The Fresh Loaf

News & Information for Amateur Bakers and Artisan Bread Enthusiasts

How's the oven steamin'?

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alfanso's picture
alfanso

How's the oven steamin'?

Most of you well know the value of creating sufficient steam in the oven to cool the surface of the dough down and then help that surface to gelatinize, providing us with that lovely glistening surface.  But what about when the steam is just not there?  

Well, today was the day that I found out!  The pics below are examples of with and without sufficient steam.  I’ve included photos of the insufficiently steamed (Don D’s – Bouabsa/Gosselin formula) baguettes, one taken from 50k feet and the other taken by nearby spelunkers on their way in.

As you can see, the results show a dull, lackluster finish which is exhibiting a lack of caramelization on the skin.  But I was surprised at the explosive gringe.  The grigne opened up so much that it looks as though these are short, but they are not - the same length as those in the pics below with correct steaming.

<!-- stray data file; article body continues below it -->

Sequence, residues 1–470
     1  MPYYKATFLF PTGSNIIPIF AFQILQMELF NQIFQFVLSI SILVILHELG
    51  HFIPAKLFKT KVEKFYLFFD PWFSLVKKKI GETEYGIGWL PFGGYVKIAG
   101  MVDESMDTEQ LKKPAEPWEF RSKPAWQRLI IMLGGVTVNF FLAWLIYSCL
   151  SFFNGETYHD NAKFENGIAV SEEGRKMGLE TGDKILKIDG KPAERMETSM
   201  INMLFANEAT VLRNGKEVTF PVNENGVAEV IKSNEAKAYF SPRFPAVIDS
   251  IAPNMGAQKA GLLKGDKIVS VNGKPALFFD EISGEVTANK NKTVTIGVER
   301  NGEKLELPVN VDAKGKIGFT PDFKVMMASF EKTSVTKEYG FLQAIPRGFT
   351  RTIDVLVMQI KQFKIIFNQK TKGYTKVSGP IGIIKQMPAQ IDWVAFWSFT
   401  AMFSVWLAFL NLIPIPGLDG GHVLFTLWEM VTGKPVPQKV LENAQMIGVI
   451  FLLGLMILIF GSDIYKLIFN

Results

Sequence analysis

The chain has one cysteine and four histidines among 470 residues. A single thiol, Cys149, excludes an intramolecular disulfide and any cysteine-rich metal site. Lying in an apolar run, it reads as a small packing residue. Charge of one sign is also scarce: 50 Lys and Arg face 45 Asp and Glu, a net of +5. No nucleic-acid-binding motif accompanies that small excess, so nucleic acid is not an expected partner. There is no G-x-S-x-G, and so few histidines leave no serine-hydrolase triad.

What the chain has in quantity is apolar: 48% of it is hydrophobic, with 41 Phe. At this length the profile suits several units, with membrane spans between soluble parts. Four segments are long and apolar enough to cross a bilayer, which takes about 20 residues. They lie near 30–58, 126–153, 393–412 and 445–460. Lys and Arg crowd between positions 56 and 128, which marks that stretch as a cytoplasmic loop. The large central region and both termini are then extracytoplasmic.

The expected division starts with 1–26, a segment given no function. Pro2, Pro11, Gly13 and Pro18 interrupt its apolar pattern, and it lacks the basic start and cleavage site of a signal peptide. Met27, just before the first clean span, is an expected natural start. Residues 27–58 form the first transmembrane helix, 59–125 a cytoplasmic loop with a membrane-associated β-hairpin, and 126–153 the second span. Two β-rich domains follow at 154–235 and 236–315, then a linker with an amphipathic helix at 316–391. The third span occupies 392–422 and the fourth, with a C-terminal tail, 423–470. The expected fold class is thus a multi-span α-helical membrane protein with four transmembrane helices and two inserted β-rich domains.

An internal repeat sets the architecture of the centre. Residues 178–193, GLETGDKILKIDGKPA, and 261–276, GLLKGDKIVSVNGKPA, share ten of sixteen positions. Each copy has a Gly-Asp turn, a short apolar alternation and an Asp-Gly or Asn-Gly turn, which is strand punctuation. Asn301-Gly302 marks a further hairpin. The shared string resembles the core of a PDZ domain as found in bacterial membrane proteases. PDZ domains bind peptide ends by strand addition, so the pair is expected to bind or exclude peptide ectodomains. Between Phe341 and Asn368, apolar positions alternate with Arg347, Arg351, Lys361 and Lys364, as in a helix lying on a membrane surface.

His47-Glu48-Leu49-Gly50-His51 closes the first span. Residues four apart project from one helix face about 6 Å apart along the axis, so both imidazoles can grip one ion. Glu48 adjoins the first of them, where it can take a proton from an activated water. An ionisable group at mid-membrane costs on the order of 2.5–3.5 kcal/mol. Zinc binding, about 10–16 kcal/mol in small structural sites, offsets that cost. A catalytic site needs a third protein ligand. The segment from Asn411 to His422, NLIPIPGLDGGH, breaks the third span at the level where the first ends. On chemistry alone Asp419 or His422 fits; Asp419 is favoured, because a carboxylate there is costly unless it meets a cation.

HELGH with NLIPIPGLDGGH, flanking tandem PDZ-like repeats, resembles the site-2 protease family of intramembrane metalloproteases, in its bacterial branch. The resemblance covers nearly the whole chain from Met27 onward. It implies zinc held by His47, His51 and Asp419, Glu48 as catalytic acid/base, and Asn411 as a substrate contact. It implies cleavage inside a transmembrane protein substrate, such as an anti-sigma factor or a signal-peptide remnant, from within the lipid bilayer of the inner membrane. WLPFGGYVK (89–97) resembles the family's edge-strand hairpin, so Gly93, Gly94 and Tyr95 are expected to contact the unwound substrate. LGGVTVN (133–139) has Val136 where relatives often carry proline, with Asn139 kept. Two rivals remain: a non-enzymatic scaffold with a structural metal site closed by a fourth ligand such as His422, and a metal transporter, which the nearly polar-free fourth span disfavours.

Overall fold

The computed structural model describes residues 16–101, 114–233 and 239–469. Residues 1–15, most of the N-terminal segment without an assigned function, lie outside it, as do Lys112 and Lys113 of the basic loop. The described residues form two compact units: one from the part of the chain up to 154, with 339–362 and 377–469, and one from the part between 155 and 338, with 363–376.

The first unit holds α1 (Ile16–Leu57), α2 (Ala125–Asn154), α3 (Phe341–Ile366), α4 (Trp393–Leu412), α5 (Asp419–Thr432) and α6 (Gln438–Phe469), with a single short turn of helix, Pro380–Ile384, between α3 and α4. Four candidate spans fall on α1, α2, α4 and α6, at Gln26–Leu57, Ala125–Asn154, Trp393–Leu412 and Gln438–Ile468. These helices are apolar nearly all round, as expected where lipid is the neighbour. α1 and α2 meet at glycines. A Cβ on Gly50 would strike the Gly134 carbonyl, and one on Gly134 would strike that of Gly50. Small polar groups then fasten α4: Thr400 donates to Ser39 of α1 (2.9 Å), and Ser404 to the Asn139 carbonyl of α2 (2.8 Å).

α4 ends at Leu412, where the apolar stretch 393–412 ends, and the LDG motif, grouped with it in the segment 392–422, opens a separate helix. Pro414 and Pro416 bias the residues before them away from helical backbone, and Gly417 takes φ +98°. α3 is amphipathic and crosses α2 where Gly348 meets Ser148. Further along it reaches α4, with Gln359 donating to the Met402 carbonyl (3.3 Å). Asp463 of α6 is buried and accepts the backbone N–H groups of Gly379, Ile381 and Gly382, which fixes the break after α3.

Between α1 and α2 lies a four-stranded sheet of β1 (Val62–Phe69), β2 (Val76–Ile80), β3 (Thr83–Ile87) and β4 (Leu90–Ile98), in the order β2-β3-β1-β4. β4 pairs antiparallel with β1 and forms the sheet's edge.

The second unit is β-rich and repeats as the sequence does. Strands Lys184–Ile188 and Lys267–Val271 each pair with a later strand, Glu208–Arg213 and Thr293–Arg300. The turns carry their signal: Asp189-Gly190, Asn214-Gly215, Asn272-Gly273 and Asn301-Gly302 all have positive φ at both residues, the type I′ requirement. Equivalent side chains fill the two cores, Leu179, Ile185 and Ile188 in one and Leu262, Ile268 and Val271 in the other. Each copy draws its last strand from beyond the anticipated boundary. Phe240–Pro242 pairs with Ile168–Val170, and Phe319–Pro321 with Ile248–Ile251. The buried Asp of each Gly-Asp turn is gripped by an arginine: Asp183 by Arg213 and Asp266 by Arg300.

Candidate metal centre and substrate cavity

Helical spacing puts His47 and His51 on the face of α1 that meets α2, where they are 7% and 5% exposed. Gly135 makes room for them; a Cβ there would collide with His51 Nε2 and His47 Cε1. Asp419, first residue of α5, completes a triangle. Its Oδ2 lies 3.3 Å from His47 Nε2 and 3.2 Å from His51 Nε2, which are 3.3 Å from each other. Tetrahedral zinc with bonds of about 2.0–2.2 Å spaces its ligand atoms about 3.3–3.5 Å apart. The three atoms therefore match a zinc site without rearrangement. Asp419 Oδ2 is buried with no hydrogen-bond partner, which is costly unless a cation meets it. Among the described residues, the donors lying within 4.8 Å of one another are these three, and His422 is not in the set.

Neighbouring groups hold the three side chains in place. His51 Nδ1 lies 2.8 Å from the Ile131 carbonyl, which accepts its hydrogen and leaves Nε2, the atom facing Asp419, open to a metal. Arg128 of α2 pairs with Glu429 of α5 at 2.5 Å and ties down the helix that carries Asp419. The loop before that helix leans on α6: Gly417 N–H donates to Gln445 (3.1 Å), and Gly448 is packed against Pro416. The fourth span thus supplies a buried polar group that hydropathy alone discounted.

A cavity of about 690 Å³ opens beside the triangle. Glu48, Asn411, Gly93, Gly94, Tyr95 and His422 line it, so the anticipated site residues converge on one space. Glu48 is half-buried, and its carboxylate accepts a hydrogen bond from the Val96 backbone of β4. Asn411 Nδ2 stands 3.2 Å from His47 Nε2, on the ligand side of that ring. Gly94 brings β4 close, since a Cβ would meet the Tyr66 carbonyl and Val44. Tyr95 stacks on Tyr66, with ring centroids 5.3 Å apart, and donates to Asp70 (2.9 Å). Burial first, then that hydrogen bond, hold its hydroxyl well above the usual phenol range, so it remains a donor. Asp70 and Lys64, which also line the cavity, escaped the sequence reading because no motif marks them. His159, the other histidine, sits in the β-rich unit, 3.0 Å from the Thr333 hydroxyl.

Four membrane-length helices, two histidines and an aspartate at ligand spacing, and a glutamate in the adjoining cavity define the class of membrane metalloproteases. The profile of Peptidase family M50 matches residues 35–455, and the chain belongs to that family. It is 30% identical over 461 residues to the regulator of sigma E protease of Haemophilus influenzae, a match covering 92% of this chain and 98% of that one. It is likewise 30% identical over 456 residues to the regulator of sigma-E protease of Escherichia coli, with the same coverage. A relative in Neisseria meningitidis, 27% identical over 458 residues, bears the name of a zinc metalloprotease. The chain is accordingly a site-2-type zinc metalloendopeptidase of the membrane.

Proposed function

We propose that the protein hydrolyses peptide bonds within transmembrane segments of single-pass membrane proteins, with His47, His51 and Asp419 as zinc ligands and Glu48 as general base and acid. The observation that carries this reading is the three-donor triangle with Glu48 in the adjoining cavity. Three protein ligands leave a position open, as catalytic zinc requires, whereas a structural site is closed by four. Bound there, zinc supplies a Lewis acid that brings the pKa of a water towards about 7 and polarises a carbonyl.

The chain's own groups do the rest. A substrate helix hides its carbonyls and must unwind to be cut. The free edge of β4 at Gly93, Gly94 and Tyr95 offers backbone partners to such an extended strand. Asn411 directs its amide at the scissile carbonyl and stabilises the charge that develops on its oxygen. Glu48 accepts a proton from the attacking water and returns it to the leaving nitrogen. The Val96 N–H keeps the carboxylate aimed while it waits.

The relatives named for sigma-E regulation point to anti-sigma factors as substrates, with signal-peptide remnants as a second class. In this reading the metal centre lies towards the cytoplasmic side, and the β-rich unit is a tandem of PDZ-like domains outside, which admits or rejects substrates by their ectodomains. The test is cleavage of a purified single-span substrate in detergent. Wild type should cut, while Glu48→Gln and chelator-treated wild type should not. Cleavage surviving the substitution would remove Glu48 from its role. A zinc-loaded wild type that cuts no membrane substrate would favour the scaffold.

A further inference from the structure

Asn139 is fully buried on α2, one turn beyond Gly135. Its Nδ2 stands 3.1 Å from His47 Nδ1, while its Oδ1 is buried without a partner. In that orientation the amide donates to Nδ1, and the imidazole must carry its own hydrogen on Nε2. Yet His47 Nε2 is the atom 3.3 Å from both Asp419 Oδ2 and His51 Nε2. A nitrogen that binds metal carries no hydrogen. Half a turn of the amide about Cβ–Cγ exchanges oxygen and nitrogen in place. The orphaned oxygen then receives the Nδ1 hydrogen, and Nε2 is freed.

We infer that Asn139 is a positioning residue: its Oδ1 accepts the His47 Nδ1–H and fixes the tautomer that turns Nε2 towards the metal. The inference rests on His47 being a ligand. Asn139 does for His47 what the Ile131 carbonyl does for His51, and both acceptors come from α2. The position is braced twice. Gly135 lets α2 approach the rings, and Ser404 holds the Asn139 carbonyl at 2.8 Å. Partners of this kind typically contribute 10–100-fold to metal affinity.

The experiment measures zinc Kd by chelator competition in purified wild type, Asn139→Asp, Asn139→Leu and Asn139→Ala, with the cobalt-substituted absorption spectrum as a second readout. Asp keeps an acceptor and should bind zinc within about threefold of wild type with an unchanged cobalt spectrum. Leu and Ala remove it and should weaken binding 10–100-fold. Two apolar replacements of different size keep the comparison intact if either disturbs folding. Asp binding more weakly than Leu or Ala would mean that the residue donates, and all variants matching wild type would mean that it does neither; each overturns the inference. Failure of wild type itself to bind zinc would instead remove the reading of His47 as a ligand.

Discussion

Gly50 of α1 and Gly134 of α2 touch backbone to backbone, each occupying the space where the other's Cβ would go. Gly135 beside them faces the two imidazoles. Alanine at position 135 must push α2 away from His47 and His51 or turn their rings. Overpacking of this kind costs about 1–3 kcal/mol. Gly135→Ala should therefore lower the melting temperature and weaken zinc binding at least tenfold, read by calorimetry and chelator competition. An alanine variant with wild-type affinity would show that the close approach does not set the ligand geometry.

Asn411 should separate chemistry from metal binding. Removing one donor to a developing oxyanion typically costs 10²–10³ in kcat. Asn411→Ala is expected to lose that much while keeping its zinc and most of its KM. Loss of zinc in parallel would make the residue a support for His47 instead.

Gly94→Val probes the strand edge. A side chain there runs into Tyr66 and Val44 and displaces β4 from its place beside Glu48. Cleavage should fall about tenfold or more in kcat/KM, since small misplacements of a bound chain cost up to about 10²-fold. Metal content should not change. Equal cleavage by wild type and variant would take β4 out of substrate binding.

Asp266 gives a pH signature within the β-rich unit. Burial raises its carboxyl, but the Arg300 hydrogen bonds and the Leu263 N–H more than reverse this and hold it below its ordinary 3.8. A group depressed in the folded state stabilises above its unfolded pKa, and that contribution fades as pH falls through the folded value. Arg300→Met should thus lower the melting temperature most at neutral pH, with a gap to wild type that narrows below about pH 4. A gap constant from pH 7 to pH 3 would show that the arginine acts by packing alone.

My scoring is consistent enough where I infrequently get hourglass shapes and today’s baguettes looked just about perfectly proofed, shaped and scored as they went into the oven.  I can’t help but think that the corrupted shape is another result of the lack of proper steam.    

For comparison sake I’ve also included a few other pics of recent bakes with the same or other formulae which have emerged from my oven when the steaming was correct.

Let this be a lesson to ya (and me), kids...Steam your oven!

alan

1) As you can see, no gelatinization of the skin, curves like Marilyn Monroe, and bread looking like those Cousin Itt bakes for Gomez & Morticia.

 

2) A close-up of same:

 

3) And now for a few with appropriate steam...

BobS's picture
BobS

Those are great-looking baguettes. When steamed.